I’m going to start off by saying I had difficulties reviving this story. Every time I sat down to write, I would draw a blank and I would conveniently find “something more important to do.” That tactic was my forced defense mechanism for fear of reliving a stage in my life that I worked so hard to get out of. Going back to a painful time is exactly that, PAINFUL. Not to mention massively embarrassing for a person who is private and doesn’t have an addictive personality (I don’t drink and I tried drugs, AKA weed, only once). It took me years of therapy and work to understand and even believe that this could be happening to me. It is unconventional, uncomfortable, and rarely spoken about in public, so I kept myself tucked away in my own little world until I was able to break out of the cycle. Even in this moment, a part of me wants to run and hide.
But here I am, addiction-free with an open heart, pushing past the fear, and writing this with the intention and hope that my words will help someone get through whatever addiction or vice that plagues them.
From 2007 – 2016 I was battling ”love addiction.” The daily conversations I had with myself went something like this: Is love addiction even real? Does the psychiatric community acknowledge this? Am I crazy? Am I looking for an excuse to help me make sense of this black hole I feel? You’re weak Marisol, you can’t even leave this toxic situation, because you’re weak! You’re not addicted Marisol, you just really love him. He’s my soul mate, of course I feel this way! He is my world, though it’s dark, he is still my everything. How can I leave the man I love, my best friend, my soulmate? Marisol, you’re in trouble, get out, get out now!
NEWS FLASH – I was not in love, I was addicted. Did I love him? Yes I did, but not in a healthy way on either of our parts. Healthy, non-toxic “in-love” relationships don’t make you feel crazy, they don’t take you over the edge, you don’t lose yourself, and you certainly do not give into living by the other person’s standards or values. Addiction to love will have you feeling lost, insecure, anxiety-ridden, in physical pain, and not to mention in extreme sadness coupled with extreme loneliness. In essence, you feel somewhat doomed. No matter how good your outside circumstances are, your insides feel like they are falling apart and dying.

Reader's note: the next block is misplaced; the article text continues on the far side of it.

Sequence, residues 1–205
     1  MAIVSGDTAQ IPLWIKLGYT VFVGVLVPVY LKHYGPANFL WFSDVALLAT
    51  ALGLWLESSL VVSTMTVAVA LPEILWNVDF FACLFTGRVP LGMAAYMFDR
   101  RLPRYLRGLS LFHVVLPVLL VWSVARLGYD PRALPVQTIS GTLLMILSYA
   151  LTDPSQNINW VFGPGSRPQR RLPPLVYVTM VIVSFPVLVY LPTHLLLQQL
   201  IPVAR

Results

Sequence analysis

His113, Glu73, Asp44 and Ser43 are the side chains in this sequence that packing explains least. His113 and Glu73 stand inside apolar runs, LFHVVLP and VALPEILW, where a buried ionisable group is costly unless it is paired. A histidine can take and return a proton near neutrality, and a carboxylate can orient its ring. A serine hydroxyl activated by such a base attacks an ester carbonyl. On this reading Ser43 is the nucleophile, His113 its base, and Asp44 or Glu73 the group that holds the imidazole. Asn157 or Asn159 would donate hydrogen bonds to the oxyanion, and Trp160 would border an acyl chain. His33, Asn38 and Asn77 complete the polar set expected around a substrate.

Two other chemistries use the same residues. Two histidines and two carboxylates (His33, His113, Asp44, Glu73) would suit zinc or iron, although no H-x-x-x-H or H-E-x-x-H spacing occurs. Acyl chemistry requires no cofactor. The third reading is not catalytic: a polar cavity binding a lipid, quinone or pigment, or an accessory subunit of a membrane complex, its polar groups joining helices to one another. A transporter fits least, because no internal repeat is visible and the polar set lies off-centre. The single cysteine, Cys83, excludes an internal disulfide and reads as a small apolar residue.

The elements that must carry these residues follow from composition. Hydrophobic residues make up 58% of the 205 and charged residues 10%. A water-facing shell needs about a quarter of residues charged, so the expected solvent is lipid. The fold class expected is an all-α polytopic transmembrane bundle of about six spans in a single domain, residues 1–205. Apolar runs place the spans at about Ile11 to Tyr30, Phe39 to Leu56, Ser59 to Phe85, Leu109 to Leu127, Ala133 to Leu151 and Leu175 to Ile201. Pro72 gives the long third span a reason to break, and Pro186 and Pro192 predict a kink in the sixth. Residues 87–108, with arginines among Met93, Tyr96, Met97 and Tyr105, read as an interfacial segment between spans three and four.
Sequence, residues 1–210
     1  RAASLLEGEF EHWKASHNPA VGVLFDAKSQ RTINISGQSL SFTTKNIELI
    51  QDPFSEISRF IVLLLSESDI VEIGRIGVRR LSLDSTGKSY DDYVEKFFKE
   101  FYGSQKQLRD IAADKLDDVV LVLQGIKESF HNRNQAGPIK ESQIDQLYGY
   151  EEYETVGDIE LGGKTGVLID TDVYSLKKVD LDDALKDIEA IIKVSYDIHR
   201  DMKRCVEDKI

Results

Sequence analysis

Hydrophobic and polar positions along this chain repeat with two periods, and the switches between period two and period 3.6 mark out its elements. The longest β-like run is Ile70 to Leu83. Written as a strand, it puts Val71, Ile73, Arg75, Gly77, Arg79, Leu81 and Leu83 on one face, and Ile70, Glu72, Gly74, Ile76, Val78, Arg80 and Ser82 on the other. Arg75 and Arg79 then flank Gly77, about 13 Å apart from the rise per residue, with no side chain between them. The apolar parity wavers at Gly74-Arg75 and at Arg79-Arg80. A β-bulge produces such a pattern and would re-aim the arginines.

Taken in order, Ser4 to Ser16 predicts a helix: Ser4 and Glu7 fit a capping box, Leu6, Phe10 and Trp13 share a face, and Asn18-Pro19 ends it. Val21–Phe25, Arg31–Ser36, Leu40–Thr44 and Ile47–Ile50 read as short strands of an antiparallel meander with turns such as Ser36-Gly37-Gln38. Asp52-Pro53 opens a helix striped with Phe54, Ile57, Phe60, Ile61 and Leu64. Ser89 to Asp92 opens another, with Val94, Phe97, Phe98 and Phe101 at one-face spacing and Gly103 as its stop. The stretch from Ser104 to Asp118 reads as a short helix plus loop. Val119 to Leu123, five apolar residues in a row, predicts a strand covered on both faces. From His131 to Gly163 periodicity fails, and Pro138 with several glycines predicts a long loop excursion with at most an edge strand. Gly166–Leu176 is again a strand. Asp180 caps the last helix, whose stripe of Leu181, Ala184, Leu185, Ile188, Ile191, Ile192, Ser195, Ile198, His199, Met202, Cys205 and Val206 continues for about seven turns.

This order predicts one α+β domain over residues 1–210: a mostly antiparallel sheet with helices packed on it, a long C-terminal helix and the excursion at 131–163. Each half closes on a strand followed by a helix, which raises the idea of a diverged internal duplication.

So is love addiction real and recognized by the psychiatric community? Yes: a well-known treatment center called “The Meadow” defines it as “one person ‘loving’ another person with an obsessive intensity that is not in the best interest of either party. Love addiction is a painful, compulsive, and addictive disorder that negatively impacts not only the addict, but also the object of their obsession.” Sounds fun, huh? Imagine two people bouncing this type of behavior off of each other. No bueno for the heart, soul, or brain. Being a love addict sort of feels like being on the Titanic: it’s beautiful and compelling but ultimately it’s sinking and there is nowhere to go but down.